Going into the trip, I had never been to Central America and also knew very little Spanish. I was also very nervous to be staying in the homes of the residents of the village due to my lack of knowledge of the culture in Costa Rica, and again, my lack of knowledge of Spanish. After arriving in Piedras Blancas and getting to the house I would be staying at, I quickly learned how warm and friendly Costa Ricans are. I felt immediately welcomed into the home and taken care of throughout the week. Whether it was through the spectacular food that they provided us with constantly or their understanding and helpfulness with my attempt at Spanish, the family exemplified who Costa Ricans are. I was also given the ability to learn about “Tico Time”, which is a Costa Rican perception of lateness. Tico time basically means that you get there when you get there. Being a student, life seems to revolve around classes and studying, which are on a strict schedule. Because of this, it also adds pressure to other areas of life and forces them to be on schedules. Learning about Tico time was a little uncomfortable at first, because everyone on the trip, including myself, wanted to know the schedule of events going into the week. However, our trip leaders, Carlos and Jesus, left a lot of timings of events up in the air. Coming home from the trip, I want to apply this ease of schedule to the social areas of my life. I do still have to attend classes and study on time because that is non-negotiable, however, in the future I will try to ease the pressure of making solid plans and go with the flow.

The bridge also presented a different set of challenges. In a village of about 30 people, there were only about 5 or 6 men who could dedicate long hours to completing this project. As a group of 18 people, we were able to provide manpower that they needed for more trivial tasks like moving rocks and dirt and holding the support posts in place which concrete was laid around them. The physicality of building a bridge was a concern of mine going into the trip as I mostly just run to exercise. And while it did prove to be challenging work, with the support of the group as a whole and my determination to help as much as I could, the physical uncomforts were forgotten. Seeing how the locals were working incredibly hard showed me that I need to be more responsible in the future with caring for myself in exercising more and eating healthier. The bridge building also taught me more about the value of teamwork. When going about schoolwork it can be easy to fall into a pattern of focusing only on your own work and completing it without the assistance of others. I have also noticed in my own life that I can have a hard time asking for help. The tasks stated before required that we all work together and also required us to effectively communicate if we needed help or something to be changed. On the first day, we were assigned to be moving dirt from down by the river to up near where the supports would be set in place. Initially, we all fell into trying to carry each bag individually the entire way but this proved to be exhausting. One person came up with the idea of an assembly line and so we all took our places and it proved to be the best idea of the entire trip. From then on out the assembly line was a staple of almost every activity we were assigned to perform. The assembly line also made communicating much easier and by doing this all, I was able to feel more comfortable expressing when I needed help.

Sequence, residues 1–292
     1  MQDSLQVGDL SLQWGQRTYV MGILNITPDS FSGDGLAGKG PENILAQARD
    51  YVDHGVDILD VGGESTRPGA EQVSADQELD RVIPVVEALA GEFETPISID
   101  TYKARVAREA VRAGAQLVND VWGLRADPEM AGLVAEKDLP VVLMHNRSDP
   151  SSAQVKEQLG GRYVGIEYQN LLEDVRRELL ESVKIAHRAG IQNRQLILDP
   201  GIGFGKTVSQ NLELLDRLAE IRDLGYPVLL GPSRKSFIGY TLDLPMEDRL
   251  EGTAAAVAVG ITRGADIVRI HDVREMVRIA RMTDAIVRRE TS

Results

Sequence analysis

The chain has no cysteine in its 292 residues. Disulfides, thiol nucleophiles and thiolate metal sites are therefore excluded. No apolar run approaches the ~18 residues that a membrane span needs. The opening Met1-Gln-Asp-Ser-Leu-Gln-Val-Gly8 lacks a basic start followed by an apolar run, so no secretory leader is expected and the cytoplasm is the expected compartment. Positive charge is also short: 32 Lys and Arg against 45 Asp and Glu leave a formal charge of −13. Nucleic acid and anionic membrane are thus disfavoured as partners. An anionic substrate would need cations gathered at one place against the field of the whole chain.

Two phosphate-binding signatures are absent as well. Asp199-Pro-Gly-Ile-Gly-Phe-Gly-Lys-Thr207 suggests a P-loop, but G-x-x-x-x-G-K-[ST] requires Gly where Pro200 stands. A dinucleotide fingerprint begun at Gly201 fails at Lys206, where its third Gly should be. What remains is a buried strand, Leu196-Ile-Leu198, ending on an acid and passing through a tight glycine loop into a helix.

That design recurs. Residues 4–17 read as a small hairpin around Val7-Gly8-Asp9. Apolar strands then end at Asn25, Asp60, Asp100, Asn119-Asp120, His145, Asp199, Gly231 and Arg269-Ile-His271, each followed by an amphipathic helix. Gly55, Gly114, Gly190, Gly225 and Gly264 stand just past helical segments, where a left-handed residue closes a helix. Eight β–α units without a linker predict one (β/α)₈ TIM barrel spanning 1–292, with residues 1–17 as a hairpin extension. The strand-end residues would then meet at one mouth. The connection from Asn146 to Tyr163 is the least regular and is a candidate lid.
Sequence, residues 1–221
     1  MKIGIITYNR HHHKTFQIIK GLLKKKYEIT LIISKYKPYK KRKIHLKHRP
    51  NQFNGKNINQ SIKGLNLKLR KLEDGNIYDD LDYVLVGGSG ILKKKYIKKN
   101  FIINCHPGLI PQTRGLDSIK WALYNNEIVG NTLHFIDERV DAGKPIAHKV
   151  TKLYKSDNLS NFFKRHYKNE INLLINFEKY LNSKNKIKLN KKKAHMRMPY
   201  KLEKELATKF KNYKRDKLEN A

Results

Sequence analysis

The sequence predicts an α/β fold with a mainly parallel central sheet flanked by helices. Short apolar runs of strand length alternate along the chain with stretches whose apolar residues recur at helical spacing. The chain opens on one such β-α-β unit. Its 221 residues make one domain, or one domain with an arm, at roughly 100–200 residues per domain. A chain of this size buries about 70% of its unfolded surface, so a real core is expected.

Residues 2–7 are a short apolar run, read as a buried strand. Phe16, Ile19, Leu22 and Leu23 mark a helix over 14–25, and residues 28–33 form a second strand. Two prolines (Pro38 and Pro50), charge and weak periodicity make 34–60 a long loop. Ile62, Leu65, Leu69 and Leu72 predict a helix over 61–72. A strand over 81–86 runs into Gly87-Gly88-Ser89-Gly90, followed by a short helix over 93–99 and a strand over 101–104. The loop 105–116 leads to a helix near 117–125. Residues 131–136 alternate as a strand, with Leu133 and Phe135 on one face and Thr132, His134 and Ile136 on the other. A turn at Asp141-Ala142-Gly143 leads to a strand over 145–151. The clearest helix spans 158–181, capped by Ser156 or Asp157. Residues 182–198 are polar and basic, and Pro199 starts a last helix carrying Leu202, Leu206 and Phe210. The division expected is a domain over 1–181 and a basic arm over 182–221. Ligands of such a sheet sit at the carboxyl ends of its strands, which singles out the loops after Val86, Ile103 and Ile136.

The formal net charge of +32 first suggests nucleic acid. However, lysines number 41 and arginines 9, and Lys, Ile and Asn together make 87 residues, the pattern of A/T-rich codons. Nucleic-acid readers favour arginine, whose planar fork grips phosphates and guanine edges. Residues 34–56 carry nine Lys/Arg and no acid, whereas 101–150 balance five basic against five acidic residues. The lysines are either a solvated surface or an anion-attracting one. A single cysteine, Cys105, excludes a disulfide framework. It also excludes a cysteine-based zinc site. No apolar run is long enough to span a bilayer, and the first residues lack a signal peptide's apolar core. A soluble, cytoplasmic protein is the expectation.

As I said above, the family that I had the privilege of staying with allowed for the trip to become that much better. The host mother of the family we stayed with was the most amazing cook but also knew very little English. Throughout the time we stayed with them, this allowed me to improve my Spanish further by asking if I could help, greeting them throughout the day, or even just asking for a fork. The host father was also more than excited to be able to show us all of the crops on the farm as well as their new house that he and a couple of other family members were in the process of building. Their enthusiasm and kindness made asking questions about Costa Rican culture much easier and also made the entire experience so much more valuable.

The guides on the trip, Carlos and Jesus, were the most friendly and hilarious people. From the first day, they made it clear that the trip was a safe environment where they really wanted to be able to show us what it means to be Costa Rican. In the trip they planned, they showed off such gorgeous places in Costa Rica. Carlos had studied biology in college so was very passionate about discussing the plants and animals that we were seeing throughout the trip. Jesus is incredibly hardworking and was able to assist us throughout the week with whatever issues may have arisen.

Being able to meet and connect with other OSU students was also incredibly impactful. Being on a campus with so many other people it is easy to fall into only being with your own group of people with similar viewpoints and personalities. This trip allowed me to meet other people who had interesting hobbies and varying personalities, but all got along so well. It was also entertaining figuring out how each of us connected on different subjects whether it is similar tastes in music or people we may both know.